Despite more women than men in Asia Pacific having tertiary education, there still exists a large gender gap that hinders women from achieving their full economic potential be it through participation in the workforce or presence in leadership positions, according to the latest MasterCard Index of Women’s Advancement being released in the lead-up to International Women’s Day.
In 12 out of 18 Asia Pacific markets, women outnumber men in university education gross enrolment rate, with New Zealand (141.8), Australia (137.5) and Thailand (134.5) taking the top spots. Significant progress has been made in Indonesia with enrolment in advanced education having grown from 87.2 in 2007 to 105.1 in 2016.
However, educational attainment is not translating into workforce participation in many markets. More women than men are entering university in New Zealand, China and the Philippines, but women are still much less likely to be in the workforce.
Overall New Zealand ranked first (78.0), followed by Australia (76.0) and the Philippines (71.4). At the other end of spectrum, Japan (49.5), Bangladesh (45.5), Sri Lanka (44.3), India (38.0) and Pakistan (23.4) had Index scores indicating that much more can be done to achieve gender parity.
The Index measures the socioeconomic standing of women across 18 Asia Pacific markets and is comprised of three main indicators which are derived from additional sub- indicators: Capability (Secondary Education, Tertiary Education), Employment (Workforce Participation, Regular Employment) and Leadership (Business Owners, Business Leaders, Political leaders). The scores above show the proportion of women to every 100 men. A score of 100 indicates equality between the sexes.
“Gender gaps in access to education have narrowed over the years, but we still have a long way to go before women across Asia Pacific are equally represented in business and politics. The lack of critical mass in women’s representation and participation in the economy – coupled with the inadequate and inconsistent implementation of equality legislation – continues to be the biggest challenge for women and is reflected across all markets irrespective of the pace of economic development,” said Georgette Tan, Group Head, Communications, Asia Pacific, MasterCard.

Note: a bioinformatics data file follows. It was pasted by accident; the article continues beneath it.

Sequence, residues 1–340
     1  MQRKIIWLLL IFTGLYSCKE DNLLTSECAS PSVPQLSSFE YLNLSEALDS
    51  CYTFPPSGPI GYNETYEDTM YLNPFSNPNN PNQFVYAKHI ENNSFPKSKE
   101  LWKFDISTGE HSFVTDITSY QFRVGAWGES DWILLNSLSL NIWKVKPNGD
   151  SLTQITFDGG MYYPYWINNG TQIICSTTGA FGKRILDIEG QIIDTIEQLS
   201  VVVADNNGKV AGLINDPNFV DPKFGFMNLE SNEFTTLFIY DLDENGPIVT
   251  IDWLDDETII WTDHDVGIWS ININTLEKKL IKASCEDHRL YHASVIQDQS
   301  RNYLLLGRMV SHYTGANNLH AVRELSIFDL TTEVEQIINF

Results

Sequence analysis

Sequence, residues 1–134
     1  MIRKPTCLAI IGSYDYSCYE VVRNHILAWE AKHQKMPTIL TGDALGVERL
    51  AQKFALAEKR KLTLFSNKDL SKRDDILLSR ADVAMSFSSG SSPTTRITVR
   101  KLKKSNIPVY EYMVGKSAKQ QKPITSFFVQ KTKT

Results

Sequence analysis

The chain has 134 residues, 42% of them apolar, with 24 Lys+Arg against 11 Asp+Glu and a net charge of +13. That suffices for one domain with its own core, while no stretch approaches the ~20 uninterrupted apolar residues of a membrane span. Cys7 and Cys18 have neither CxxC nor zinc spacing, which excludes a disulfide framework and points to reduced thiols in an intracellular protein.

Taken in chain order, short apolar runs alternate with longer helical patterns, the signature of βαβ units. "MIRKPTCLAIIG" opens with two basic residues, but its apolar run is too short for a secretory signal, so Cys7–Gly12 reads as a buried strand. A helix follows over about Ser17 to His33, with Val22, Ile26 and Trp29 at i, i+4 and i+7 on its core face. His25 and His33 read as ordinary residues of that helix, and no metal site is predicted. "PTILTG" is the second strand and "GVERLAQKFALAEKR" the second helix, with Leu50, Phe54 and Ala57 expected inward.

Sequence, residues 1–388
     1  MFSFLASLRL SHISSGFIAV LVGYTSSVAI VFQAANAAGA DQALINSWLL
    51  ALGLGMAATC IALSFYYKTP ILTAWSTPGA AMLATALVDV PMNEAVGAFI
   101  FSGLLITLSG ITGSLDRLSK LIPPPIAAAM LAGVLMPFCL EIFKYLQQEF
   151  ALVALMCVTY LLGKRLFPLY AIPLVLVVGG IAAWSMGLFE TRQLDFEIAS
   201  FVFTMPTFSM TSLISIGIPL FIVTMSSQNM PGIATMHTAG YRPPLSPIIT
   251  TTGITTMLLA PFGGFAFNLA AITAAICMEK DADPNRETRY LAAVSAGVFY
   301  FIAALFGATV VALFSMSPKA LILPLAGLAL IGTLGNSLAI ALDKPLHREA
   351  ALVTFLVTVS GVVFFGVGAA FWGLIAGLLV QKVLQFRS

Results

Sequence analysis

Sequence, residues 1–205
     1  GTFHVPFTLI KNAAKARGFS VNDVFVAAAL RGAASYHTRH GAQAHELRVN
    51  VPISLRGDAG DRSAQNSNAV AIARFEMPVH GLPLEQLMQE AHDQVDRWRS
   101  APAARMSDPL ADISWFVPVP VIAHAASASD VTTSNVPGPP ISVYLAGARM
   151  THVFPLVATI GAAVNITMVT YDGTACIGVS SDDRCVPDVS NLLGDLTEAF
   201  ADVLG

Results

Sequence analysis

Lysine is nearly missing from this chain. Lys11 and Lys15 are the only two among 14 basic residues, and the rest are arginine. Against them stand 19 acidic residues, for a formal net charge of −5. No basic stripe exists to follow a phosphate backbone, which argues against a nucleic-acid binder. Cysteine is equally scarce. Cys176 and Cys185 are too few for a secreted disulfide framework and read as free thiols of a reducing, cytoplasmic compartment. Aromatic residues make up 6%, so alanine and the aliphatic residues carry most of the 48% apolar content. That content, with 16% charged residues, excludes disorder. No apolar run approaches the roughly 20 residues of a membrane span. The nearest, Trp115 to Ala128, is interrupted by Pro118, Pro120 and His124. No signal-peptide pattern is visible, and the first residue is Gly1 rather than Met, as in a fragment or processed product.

“Access is crucial to integrating female talent in the economy as women still don’t have the same access to job opportunities or even social networks as men. A range of factors impacting the economic contributions made by women in the workforce also need to be addressed including country-specific socio-cultural factors, traditional beliefs, and government policies. Closing the gender equality gap and leveling the employment playing field would benefit not just women, but the global economy as a whole.”
For the tenth consecutive year, New Zealand (78.0), Australia (76.0) and the Philippines (71.4) continue to have the highest overall Index scores.
Apart from the top three markets and Singapore (70.0), all other markets in Asia Pacific had scores below the 70-point mark with Japan (49.5) and four South Asia markets – Bangladesh (45.5), Sri
Lanka (44.3), India (38.0) and Pakistan (23.4) – among the lowest and only markets scoring below 50 points.
Compared to the previous year, women in New Zealand made the most progress overall (78.0, up 0.7 points), followed by Japan (49.5, up 0.5 points), Nepal (62.5, up 0.5 points) and Bangladesh (45.5, up 0.4 points), while declines were recorded in Sri Lanka (44.3, down 0.7 points), Malaysia (52.7, down 0.4 points) which reached the lowest it has in five years, and also in China (66.3, down 0.2 points).